What PC makers are paying for Windows 7
Microsoft will price the pro version of Windows 7 the same as with Vista. The Home Premium version will cost less than Vista, but more than Vista Basic.
Microsoft plans to charge PC makers the same for the business version of Windows 7 as it did for Windows Vista, while cutting the price of Windows 7 Home Premium as compared to its predecessor, a top Windows executive told CNET News on Thursday. That matches aof the software.
Microsoft's pricing plans for Windows 7, which will beon both new PCs, has been the source of considerable tension between the PC makers and the software maker, both of which are trying to grapple with both declining demand and falling prices for traditional PCs.
In an interview on Thursday, Senior Vice President Bill Veghte acknowledged that there has been tension between Microsoft and the PC makers over pricing, but said that is always the case when Microsoft readies a new version of its operating system.
"They'd love to have everything at dramatically lower prices," Veghte said, of the computer makers.
On the mainstream consumer side, Microsoft is only offering only one version--Windows 7 Home Premium, whereas with Windows Vista, Microsoft offered both a basic and premium version. Veghte says he understands that, from the PC makers perspective, Microsoft took away an option for low-cost PCs. In part, he said, that's why Microsoft decided to charge a price for Windows 7 Home Premium that was more than Vista Basic, but less than Vista Home Premium.
"We took a blended approach," he said. "It wasn't like I am trying to jack up the prices."
For Windows 7 Professional, as Microsoft did on the retail side, the software maker will charge PC makers essentially the same as it did for Windows Vista Business. However, he said, buyers are getting more with Windows 7 because the professional version also includes the consumer media features, something that wasn't the case with Vista.
PC makers, though, have continued to see both average selling prices and profit margins under continued pressure.
Veghte said Microsoft, too, has seen the amount of money it gets for each copy of Windows drop in recent years.
"Our average selling price has been declining as well," Veghte said. "It's not like we have sat there at the (same) price points the last five years."
For his part, IDC analyst Richard Shim said the fact that PC makers are complaining about price--and not the product itself--is a positive sign for Windows 7.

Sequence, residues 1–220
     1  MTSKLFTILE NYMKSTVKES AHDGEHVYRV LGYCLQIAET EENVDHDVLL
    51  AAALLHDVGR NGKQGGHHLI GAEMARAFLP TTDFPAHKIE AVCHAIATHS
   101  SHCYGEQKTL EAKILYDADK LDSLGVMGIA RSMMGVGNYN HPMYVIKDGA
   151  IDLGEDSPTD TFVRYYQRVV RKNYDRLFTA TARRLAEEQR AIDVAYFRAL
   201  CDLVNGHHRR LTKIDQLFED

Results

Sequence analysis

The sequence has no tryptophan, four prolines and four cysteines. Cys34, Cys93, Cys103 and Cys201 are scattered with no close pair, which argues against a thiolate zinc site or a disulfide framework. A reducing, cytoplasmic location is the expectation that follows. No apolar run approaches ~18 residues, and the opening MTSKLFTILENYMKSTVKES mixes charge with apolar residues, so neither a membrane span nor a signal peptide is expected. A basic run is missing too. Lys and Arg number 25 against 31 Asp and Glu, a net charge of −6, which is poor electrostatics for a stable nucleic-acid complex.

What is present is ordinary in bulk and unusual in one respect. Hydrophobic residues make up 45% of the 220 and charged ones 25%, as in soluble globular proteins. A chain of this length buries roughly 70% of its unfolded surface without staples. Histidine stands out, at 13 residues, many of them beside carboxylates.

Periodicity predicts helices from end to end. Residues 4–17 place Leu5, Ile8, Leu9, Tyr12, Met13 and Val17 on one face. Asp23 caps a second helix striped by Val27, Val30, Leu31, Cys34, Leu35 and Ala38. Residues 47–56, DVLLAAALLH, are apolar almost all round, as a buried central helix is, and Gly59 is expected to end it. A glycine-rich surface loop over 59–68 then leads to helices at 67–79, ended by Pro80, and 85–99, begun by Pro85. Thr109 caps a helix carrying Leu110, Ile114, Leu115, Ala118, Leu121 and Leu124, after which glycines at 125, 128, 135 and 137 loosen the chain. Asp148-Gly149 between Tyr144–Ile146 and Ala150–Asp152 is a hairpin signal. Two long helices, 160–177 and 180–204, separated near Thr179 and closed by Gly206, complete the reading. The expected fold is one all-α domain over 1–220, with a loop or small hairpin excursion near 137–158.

"If the only thing the market is squabbling about is price, that's a good thing for Microsoft," he said.
One of the biggest changes Microsoft did make in response to PC maker concern, was toit is selling for use in Netbooks. Initially, Microsoft planned to restrict Starter-based PCs to .
Microsoft also agreed not to charge PC makers for a program in which, starting tomorrow, buyers of Windows Vista PCs can get an upgrade to Windows 7. That enables PC makers to offer the upgrades for free, or only the cost of shipping, without losing money.
Veghte said lifting the Starter restriction was important to computer makers and consumers and something that Microsoft could live with. The three-application limit began with Windows XP Starter Edition, which was aimed at first-time computer users and sold only on new PCs in emerging markets.
"It clearly was not winning any popularity contests," he said of the limit. "I don't think it fundamentally changes the business approach."
It does, though, pave the way for Windows 7 Starter to become the dominant operating system on Netbooks, Shim said. IDC forecasts that the Netbook market will shift largely from Windows XP to Windows 7 next year, but Shim said that much of that will be the lower-priced Starter Edition.
That means, Microsoft's Windows 7 revenue could be in for a hit if traditional notebook and desktop sales don't pick up. The upside, Shim said, is that Microsoft will benefit when sales do pick up, even if it is next year.
"Even if they only hit a single or double with the launch, they can get some extra bases in the coming years," he said.